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Maximizing the Probability of a Good Death

The goal-directed approach acknowledges that death is an inevitable part of life and assumes that we all want the best death possible, given the uncertainties that nearly always accompany it.  Since a good death is a universal goal, it should not be a taboo subject.  In fact, conversations regarding end-of-life preferences should begin early in adulthood and continue off and on through the dying process. 


The National Academy of Medicine has defined a good death as “one that is free from avoidable distress and suffering, for patients, family, and caregivers; in general accord with the patients’ and families’ wishes; and reasonably consistent with clinical, cultural, and ethical standards.” And the well-known medical ethicists E. J. and L. L. Emanuel have proposed six categories of modifiable factors that may contribute to the quality of the dying process: 1) physical symptoms, 2) psychological and other mental factors, 3) economic and care giving needs, 4) social relationships and support, 5) spiritual beliefs, and 6) hopes and expectations. The relative importance of these factors varies a great deal from person to person and situation to situation.


Some end of life preferences can be expressed on standard legal forms. While the rules vary somewhat from state to state, all of them provide the opportunity to complete some sort of advance directive for health care, what is often referred to as a “living will.” Since you don’t know when death will come, every adult should strongly consider completing one of these documents. In fact, advance directives are more important for younger adults whose deaths are more likely to create controversy. 


Most advance directive documents allow you to document whether you would want to be resuscitated (1) if you had a terminal illness and were expected to die with or without resuscitation within 6 months or (2) were in a persistent coma.  Many advance directives also ask about whether you would want to be fed through a tube or intravenous catheter.  That becomes especially important in several U.S. states, which have decided that providing food and fluids is part of basic supportive care and therefore required unless there is a specific directive stating otherwise.  Advance directives also make it possible to designate a surrogate decision-maker in case you are unable to make decisions for yourself.  In many, if not most cases this may be the most important part of the document but only if that person knows about your goals and preferences.


All states also allow you to create a durable power of attorney (DPOA) for health care, in which you can specify who you want to make health care decisions for you if you are unable to speak for yourself.  Unlike a regular power of attorney, a DPOA remains in effect after you have been declared incompetent to make decisions for yourself. Reminders, educational materials, assistance, and documentation of these legal expressions of your values and preferences ought to be provided and promoted in all primary care practices.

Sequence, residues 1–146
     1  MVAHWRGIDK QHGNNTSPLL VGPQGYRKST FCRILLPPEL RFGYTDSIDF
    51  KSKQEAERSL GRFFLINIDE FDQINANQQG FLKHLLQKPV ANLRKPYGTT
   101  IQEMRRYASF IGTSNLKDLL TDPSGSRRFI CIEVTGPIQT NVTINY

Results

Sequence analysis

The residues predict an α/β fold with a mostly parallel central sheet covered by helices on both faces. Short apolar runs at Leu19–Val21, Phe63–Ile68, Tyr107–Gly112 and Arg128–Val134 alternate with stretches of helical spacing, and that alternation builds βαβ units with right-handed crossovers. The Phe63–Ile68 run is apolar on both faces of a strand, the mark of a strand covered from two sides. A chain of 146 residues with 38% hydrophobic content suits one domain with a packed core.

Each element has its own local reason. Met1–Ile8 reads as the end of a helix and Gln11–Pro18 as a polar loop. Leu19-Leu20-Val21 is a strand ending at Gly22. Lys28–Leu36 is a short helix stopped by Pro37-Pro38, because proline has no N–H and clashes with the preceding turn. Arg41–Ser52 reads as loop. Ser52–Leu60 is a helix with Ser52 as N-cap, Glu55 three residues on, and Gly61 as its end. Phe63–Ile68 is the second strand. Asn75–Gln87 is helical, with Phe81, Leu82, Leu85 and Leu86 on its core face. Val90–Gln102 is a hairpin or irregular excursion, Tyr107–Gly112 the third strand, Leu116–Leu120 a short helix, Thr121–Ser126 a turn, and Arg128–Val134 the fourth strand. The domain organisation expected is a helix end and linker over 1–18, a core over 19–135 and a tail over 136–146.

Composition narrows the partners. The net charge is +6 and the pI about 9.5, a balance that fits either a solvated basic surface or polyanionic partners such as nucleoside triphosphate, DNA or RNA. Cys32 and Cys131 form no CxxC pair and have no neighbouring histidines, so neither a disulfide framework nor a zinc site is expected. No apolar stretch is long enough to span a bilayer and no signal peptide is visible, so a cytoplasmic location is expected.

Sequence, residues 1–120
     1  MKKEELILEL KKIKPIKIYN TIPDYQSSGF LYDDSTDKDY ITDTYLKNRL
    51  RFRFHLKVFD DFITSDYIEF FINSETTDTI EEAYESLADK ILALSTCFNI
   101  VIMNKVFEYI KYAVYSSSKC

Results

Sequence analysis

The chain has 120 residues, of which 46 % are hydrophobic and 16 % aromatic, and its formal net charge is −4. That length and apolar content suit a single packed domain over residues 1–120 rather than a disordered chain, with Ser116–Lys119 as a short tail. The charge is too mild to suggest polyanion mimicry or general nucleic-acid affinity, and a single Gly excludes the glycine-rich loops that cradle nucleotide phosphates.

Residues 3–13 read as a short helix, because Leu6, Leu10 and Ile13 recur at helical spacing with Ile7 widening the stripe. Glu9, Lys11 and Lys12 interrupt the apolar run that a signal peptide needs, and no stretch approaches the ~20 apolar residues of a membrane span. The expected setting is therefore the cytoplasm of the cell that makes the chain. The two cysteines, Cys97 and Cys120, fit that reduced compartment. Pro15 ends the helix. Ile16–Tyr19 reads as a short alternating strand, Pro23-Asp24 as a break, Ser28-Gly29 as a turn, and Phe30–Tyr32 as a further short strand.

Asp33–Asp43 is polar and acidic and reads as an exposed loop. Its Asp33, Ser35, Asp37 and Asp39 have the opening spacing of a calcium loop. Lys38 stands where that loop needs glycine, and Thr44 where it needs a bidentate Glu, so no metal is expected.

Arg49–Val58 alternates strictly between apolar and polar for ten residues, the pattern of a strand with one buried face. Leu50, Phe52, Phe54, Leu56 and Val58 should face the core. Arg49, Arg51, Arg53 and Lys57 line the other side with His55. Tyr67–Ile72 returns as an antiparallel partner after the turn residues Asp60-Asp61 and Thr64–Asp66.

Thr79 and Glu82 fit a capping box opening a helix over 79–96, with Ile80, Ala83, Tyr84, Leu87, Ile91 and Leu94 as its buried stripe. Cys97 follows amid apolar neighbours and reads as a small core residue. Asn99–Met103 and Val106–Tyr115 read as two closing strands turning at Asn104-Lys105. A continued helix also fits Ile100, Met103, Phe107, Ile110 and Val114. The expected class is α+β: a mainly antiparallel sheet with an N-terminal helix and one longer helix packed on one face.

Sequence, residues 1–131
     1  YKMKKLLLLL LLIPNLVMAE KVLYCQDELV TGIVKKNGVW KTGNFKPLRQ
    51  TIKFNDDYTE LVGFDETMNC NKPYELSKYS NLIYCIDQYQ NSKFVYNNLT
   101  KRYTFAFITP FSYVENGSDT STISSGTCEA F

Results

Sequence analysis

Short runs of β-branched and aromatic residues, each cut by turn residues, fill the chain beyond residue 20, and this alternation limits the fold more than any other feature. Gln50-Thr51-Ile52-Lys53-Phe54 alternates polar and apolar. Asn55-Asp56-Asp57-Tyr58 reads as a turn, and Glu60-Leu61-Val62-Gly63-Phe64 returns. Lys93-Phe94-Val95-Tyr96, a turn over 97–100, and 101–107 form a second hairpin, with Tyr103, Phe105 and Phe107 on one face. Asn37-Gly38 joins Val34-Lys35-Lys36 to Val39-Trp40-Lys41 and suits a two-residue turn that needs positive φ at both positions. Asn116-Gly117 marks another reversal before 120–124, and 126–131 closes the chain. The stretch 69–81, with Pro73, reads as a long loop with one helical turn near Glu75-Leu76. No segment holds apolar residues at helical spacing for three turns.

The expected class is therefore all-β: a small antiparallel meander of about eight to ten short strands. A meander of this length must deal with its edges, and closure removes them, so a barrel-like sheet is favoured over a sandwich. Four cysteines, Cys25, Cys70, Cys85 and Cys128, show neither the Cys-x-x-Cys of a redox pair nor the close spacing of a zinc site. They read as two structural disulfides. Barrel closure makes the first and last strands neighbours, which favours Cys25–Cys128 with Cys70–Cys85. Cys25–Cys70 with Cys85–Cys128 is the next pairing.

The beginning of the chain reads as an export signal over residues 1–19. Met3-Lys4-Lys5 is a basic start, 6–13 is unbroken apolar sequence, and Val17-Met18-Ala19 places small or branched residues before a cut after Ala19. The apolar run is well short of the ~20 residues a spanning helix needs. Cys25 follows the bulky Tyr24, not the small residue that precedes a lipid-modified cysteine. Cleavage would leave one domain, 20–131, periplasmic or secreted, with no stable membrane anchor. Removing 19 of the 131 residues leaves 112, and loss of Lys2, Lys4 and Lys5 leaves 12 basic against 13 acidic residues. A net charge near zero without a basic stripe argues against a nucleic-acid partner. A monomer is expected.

As important as they are, formal advance directive documents are nowhere near as important as the informal discussions you should have with close family members and your primary care physician.  In my experience, the decisions that have to be made near the end of life rarely fall into the simple categories covered by advance directive forms.  If you are still able to make your own decisions right up until your death, things are much more likely to go the way you want them to.  But if you are not, responsibility will fall to surrogate decision-makers – family, close friends, doctors, or ethics committees.  If your goal is to have a “good death” as you define it, you need to make sure those folks know your values and preferences.

Information about how to facilitate these conversations can be found at and in the “Five Wishes” section of the “Aging with Dignity” website ( There is also a wonderful game families or friends can play called “My Gift of Grace” (, developed at the Pennsylvania State Hershey Medical Center,  which can help both you and your potential surrogate decision-makers discover your (and their) values and preferences about end-of-life care.

      A variety of more general, non-legal documents have been created to help you think about your values and preferences more generally. One example is the Values History developed at the University of New Mexico: (


When asked how they would prefer to die, nearly everyone says “in my sleep.” That sort of death is most likely to result from a heart attack or stroke. Therefore measures to reduce the risk of a heart attack and stroke will reduce the probability of dying in ones sleep. There is no simple solution to this dilemma, but it is worth talking about with your physician, particularly if life expectancy is otherwise short.


Even more challenging choices must often be made when faced with a life threatening condition like cancer. Atul Gawande, in his book Being Mortal, does a wonderful job of explaining and suggesting ways to address these difficult choices. For example, he suggests that people who are dying should consider four questions: 1) What is your understanding of the situation and its potential outcomes? 2) What are your fears and hopes? 3) What trade-offs are willing and unwilling to make? and 4) What course of action best serves this understanding?


The balance between relief of physical symptoms and preserving the ability to think is often an issue at the end of life. In most cases, it is an issue that can be discussed when the time comes. But it may also be helpful to have thought about it ahead of time and to have discussed your thoughts with your doctor and family members.

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